Blaming charters for segregation is dumb

Editor’s note: This was first published on the author’s Substack, “citizen stewart,” which covers race, education, and democracy. Every year, without fail, someone sounds the alarm about the “resegregation of American public schools.” It’s a problem with deep roots and nasty downstream consequences for students in communities with less social capital. Some of the discussion is grounded in solid, authoritative research. But then you get the terrifically ditzy takes, like a recent Vox article blaming charter schools—serving just 7 percent of U.S. students—for the complex systemic issue of racial segregation. That’s like blaming a storm shelter for the hurricane. People who genuinely want to solve “the problem we all live with” often resort to shallow, careless analysis.

Researchers agree that segregation has

Escalated to alarming levels over the past three South Korea Phone Number List decades. Despite the landmark Brown v. Board of Education ruling in 1954, which declared racial segregation in public schools unconstitutional, schools today are more racially and economically isolated than ever. However, simple explanations that indict charter schools as the culprit are unserious. Let’s start with a little historical context The 1954 Brown v. Board of Education decision marked a significant victory in the fight against racial segregation in public schools. Chief Justice Earl Warren’s unanimous ruling declared that state-sanctioned segregation violated the Fourteenth Amendment.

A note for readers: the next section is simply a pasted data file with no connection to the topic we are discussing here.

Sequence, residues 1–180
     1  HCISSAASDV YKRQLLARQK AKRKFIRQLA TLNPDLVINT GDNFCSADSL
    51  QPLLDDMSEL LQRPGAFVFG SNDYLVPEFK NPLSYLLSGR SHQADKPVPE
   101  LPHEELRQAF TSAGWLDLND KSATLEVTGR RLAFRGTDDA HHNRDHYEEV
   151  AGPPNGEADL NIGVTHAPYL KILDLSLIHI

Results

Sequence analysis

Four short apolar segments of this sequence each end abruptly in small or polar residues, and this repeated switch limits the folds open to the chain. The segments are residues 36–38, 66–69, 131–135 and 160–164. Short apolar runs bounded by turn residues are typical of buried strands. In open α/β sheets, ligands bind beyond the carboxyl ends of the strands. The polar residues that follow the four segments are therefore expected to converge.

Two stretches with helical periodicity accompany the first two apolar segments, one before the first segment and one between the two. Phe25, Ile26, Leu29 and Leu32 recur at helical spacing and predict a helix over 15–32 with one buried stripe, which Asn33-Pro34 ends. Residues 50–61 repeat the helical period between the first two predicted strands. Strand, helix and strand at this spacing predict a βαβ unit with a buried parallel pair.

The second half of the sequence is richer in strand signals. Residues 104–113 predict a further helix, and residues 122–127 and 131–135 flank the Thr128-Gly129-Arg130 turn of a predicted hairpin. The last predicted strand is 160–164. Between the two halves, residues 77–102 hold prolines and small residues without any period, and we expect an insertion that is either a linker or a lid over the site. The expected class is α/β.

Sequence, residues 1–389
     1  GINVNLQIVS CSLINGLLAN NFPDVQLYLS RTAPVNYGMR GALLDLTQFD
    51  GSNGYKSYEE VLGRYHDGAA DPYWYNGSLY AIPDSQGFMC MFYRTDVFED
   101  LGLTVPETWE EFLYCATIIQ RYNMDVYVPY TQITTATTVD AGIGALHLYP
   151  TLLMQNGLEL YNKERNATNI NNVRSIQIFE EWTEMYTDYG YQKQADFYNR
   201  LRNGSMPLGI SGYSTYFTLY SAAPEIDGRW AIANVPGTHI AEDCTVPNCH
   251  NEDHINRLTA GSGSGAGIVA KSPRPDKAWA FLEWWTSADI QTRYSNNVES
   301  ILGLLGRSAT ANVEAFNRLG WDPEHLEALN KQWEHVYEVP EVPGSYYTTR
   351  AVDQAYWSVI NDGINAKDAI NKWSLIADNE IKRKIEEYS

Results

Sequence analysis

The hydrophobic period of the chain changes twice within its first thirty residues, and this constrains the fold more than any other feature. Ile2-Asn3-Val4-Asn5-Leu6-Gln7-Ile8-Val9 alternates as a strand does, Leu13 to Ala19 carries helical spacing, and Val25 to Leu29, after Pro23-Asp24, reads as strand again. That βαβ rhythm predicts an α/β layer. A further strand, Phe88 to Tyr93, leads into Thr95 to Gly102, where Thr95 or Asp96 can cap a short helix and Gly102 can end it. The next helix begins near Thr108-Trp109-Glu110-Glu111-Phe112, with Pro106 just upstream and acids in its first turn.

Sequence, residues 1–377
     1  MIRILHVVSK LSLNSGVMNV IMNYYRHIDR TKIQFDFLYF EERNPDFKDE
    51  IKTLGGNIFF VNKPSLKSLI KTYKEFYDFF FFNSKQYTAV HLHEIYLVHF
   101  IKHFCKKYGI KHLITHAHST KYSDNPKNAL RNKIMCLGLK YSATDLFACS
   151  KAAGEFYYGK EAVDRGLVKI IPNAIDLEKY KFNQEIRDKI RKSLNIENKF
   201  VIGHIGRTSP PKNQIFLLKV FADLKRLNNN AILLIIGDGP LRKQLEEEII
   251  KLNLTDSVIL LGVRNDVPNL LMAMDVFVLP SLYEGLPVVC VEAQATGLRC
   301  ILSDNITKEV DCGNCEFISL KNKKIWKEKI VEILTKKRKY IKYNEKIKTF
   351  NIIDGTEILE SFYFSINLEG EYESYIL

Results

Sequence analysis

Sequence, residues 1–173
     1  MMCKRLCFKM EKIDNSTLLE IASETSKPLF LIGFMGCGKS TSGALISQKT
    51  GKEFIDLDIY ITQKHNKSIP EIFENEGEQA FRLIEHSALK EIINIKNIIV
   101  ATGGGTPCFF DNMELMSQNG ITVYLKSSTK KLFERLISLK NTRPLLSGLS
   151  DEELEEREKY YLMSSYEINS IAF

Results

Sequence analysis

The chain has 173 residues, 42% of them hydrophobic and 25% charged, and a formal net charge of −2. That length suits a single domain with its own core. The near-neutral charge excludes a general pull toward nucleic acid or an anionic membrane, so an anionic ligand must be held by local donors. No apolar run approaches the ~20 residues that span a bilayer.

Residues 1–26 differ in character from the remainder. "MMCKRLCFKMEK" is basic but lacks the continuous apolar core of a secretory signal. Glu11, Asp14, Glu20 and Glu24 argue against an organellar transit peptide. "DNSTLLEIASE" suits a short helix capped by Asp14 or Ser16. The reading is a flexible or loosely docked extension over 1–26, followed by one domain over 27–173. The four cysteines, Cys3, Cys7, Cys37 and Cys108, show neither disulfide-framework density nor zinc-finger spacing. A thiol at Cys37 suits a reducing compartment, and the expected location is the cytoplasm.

This decision overturned

Phone Number List

Separate but equal” doctrine established by CW Leads Plessy v. Ferguson in 1896 and catalyzed the Civil Rights Movement. However, despite the Court’s clear mandate, there was considerable resistance to desegregation, and implementation was slow and fraught with challenges. As time passed, the complexities of achieving integration became more evident. Dr. Kenneth Clark, whose research influenced the Brown decision, later acknowledged the underestimated resistance to integration. James Coleman’s studies in the late 1970s revealed mixed results regarding the effects of desegregation, with positive impacts in the South but more destructive effects in the North. These historical perspectives suggest that the integration imperative may not be the sole solution to educational inequality.

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